GM and U Mich receive patent on plug-in series hybrid/extended range electric vehicle powertrain using multiple free piston linear alternator engines
|The GM/U Mich patent envisages using multiple free-piston engines (240A through 240D in the patent drawing). Click to enlarge.|
GM Global Technology Operations LLC and the Regents of the University of Michigan recently were awarded a US patent (Nº 8,261,860) for a plug-in series hybrid or range-extended electric vehicle powertrain using multiple free piston linear alternator (FPLA) engines.
The powertrain system—the patent application for which was filed in 2009—includes an electrical energy storage system—such as a Li-ion battery pack—and an electric traction motor. The covered hybrid powertrain uses the multiple reciprocating free-piston linear alternator engines to generate electric power for the battery pack or the traction motor.
The FPLA units are connected to a power electronics module, which in turn in connected to the electrical energy storage system and the electric motor. A control module determines mechanical and electrical power demands in respond to driver input and a state of charge of the electrical energy storage device. The control module commands operations of the reciprocating free-piston internal combustion engines to generate electric power responsive to the electrical power demands.
|Patent Drawing of an FPLA. Click to enlarge.|
Each FPLA unit includes includes a reciprocating free-piston internal combustion engine having a single cylinder with a double-ended free piston, which forms two variable volume combustion chambers. Each cylinder has a linear electrical alternator, including multiple electrical coils and integrated iron stators, and the double-ended free piston includes multiple permanent magnets.
When the free piston oscillates in the cylinder during operation, electrical energy is generated by the action of the permanent magnets forming and breaking magnetic fields with the iron stators and electrical coils.
Fuels can include gasoline blends, and alcohol blended hydrocarbon fuel grades. Ethanol blended hydrocarbon fuels can include higher ethanol blends (e.g. E80, E85), and neat ethanol (E99). Alternative liquid and gaseous fuels such as neat methanol (M100), natural gas, hydrogen, biogas, various reformates, syngases, and others may also be used.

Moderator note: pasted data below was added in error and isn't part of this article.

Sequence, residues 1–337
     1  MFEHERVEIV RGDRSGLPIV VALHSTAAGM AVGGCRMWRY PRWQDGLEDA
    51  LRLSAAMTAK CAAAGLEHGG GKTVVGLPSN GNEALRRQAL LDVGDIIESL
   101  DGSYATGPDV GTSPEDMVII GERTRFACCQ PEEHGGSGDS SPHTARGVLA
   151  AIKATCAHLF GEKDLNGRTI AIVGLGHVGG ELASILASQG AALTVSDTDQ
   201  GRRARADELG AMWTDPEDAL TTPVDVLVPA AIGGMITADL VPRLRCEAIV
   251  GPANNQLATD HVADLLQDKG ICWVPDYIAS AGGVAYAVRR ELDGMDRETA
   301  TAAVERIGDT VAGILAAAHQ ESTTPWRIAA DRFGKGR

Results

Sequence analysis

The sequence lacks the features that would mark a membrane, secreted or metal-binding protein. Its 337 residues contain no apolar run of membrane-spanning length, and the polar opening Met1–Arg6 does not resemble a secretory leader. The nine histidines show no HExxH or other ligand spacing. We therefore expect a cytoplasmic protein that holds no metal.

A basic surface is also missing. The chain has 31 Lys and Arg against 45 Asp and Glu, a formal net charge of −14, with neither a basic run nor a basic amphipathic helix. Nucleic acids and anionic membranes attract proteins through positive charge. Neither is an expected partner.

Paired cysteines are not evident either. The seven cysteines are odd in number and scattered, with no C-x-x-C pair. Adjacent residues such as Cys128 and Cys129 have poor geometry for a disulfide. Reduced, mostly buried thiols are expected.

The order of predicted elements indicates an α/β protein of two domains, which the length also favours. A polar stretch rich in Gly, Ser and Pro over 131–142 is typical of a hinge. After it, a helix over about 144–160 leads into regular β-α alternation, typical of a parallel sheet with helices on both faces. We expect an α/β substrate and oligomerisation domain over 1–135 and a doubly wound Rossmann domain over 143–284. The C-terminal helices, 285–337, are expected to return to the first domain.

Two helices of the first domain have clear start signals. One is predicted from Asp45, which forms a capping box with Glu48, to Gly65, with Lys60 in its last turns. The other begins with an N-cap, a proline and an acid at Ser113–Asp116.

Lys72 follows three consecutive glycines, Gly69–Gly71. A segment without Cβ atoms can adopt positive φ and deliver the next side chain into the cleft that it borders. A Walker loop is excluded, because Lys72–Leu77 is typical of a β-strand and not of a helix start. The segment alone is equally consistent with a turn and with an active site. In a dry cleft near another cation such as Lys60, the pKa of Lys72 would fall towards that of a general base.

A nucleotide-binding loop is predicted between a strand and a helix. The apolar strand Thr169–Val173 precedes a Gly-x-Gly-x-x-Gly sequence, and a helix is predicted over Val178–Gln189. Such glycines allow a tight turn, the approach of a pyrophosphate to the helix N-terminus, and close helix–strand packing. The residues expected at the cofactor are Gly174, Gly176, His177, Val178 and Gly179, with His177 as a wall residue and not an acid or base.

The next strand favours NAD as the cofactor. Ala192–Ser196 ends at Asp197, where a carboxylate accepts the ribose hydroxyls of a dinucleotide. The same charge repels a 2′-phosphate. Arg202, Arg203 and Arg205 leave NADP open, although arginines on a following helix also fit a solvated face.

Each FPLA operates in an engine-on (ON) state and an engine-off (OFF) state. Each FPLA has at least one resonant operating speed corresponding to mass of the piston and length of the cylinder at which it generates a preferred output power—i.e., a maximum output power or an output power achieved at a maximum efficiency point. The preferred output power is referred to as a rated output power at the resonant operating speed.
The use of the FPLAs offers flexibility in terms of power generation. In one embodiment described in the patent, each FPLA operates at a resonant speed and at a fixed output power, e.g., a rated output power of 30 kW. Alternatively, each of the FPLAs has the same rated output power—e.g.30 kW—and operates at one of multiple output powers, e.g., 10 kW, 20 kW, and 30 kW preferably at the resonant speed, the output power controlled by controlling mass of fuel injected each combustion cycle.
In one embodiment, the FPLAs have different rated output powers, and generate different, preferably progressive amounts of output power in the engine-on state.
The FPLAs can be configured to generate different rated output powers by varying engine design factors including bore and stroke of the cylinder, size and mass of the piston, and other factors. Thus, in one embodiment, the first FPLA unit can have a rated output power of 10 kW, the second FPLA unit can have a rated output power of 20 kW, the third FPLA unit can have a rated output power of 30 kW, and the fourth FPLA unit can have a rated output power of 40 kW for a total rated output power of 100 kW of power for the combined operation of the FPLAs. (Numerical values are illustrative and not restrictive.)
US Patent Nº 8,261,860: Hybrid powertrain system using free piston linear alternator engine